Boomkat Product Review:
‘PastPresentFuture’ features songs from Simon Bonney’s last two albums, ‘Forever’  and ‘Everyman’  as well as six new songs, including the title track for an unreleased album ‘Eyes of Blue’
“At the age of 16, Simon Bonney formed Crime and the City Solution in an abandoned building in Sydney’s business district. The band embodied the post punk ethos of nihilism and alienation, and Simon’s lyrics and music were informed in part by life as a 14-year-old runaway in 1970s Kings Cross, Sydney’s red-light district. In 1984 after a move to London, Simon formed a new incarnation of the band with Bad Seed Mick Harvey, Rowland S Howard (The Birthday Party), Harry Howard (These Immortal Souls) and Epic Soundtracks (Swell Maps). After four beautifully chaotic records, a run of cacophonous live shows in Europe and the US, and a standout performance in Wim Wenders’ 1980s masterpiece Wings of Desire, the band broke up, and Simon and Mick relocated to West Berlin. Here Simon would form the longest lasting line-up, the Berlin Crime and the City Solution, which featured Simon, Mick, Alexander Hacke (Einstürzende Neubauten), Bronwyn Adams, Thomas Stern, and Chrislo Hass (DAF). From the band’s first offering, Shine, through their final album, The Adversary Live, the band was championed by influential journalists, with its albums regularly showing up in the best-of lists.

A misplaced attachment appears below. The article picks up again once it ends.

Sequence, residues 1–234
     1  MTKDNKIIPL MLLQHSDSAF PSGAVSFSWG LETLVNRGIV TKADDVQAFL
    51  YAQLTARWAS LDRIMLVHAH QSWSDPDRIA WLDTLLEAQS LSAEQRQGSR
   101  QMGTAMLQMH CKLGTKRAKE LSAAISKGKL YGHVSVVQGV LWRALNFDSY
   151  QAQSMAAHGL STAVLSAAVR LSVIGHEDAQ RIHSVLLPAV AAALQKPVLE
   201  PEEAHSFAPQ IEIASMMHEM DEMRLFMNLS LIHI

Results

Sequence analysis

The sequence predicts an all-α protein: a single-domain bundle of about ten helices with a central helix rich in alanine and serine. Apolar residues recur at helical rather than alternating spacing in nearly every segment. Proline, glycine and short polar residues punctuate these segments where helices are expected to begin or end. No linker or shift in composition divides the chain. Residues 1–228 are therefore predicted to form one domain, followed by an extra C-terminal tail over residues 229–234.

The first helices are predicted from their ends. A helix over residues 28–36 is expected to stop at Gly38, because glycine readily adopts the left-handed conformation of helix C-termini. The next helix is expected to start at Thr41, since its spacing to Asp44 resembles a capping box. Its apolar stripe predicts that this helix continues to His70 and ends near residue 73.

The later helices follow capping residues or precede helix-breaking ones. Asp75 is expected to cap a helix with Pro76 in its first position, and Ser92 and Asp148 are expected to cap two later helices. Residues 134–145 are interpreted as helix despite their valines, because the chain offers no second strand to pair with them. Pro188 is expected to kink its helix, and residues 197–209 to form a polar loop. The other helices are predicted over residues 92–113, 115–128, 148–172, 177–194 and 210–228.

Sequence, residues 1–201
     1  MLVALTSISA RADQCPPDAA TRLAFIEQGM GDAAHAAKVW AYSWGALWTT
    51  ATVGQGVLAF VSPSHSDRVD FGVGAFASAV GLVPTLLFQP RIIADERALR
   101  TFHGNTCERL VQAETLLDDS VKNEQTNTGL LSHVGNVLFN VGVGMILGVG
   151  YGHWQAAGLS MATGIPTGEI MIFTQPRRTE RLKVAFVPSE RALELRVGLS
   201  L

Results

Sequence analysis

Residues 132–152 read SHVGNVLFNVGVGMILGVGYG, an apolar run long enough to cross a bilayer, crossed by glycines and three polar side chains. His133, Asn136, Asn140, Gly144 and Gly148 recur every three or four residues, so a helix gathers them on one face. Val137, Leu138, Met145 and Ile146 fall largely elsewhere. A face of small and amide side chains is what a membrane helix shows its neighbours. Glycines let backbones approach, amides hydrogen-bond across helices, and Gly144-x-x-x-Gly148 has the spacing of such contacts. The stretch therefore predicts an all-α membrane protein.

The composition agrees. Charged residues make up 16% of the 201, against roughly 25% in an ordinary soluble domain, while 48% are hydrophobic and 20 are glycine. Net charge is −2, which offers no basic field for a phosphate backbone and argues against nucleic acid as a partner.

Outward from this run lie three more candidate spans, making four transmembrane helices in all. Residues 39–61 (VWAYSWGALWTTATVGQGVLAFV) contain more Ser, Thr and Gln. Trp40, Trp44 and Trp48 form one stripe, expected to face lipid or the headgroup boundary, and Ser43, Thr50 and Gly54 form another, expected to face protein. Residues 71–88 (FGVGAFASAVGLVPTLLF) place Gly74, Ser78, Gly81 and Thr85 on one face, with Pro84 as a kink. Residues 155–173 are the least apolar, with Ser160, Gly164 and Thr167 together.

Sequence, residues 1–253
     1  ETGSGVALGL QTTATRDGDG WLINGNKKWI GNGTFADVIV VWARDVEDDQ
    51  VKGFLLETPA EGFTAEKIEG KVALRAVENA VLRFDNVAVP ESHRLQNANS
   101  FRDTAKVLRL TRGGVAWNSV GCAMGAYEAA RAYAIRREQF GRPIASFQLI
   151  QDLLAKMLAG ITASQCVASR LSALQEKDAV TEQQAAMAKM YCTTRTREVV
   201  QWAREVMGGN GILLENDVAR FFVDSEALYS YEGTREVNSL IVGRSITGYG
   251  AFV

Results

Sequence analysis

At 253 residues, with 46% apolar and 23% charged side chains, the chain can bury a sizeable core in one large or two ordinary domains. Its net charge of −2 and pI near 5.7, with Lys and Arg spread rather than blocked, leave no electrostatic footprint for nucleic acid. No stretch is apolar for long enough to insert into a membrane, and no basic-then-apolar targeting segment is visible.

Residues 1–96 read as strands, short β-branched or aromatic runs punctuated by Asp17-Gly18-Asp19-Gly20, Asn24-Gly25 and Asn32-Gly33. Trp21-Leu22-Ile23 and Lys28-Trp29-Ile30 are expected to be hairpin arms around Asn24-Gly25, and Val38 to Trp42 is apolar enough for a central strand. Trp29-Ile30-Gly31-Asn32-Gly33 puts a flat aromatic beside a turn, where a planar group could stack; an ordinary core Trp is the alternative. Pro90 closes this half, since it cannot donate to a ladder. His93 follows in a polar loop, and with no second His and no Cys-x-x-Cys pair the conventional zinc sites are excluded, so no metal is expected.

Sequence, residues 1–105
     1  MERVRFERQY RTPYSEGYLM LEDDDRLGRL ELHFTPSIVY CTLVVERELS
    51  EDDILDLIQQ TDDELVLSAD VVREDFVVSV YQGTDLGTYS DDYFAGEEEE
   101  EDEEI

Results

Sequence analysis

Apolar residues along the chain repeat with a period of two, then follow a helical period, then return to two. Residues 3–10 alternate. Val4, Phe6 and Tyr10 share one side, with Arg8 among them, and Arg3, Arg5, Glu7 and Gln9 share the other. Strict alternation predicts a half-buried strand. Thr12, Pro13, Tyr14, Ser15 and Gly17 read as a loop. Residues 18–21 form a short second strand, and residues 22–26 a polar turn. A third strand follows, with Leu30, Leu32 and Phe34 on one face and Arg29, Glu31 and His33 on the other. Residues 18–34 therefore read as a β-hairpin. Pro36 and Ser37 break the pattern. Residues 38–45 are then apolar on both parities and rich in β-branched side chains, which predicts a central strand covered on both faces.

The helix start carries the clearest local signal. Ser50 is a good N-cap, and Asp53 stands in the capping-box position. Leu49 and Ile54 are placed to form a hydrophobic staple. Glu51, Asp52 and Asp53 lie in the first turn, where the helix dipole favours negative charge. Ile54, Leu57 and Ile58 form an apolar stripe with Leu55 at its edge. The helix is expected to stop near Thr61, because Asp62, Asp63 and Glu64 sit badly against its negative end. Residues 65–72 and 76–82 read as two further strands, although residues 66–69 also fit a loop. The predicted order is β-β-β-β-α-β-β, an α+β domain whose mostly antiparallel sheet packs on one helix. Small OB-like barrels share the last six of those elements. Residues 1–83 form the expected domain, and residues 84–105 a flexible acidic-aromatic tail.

In 1992, with Crime and the City Solution on hiatus, Simon came to the US on an impulse, stayed for a decade, and released two records; the much loved and very personal Forever and the socio-political Everyman, a record that has grown in relevance as rapid change and social dislocation has increased.
In imagining the perfect soundtrack to these observations, he turned to the melancholy and plaintive sounds of dobro and lap steel of 1970s country music, the sound of longing for the familiar, for security and stability, songs about family and belonging, memories of a childhood farm in Tasmania. The result was two country tinged, compassionate and prescient portraits of life in late 20th Century America, through Tasmanian eyes.”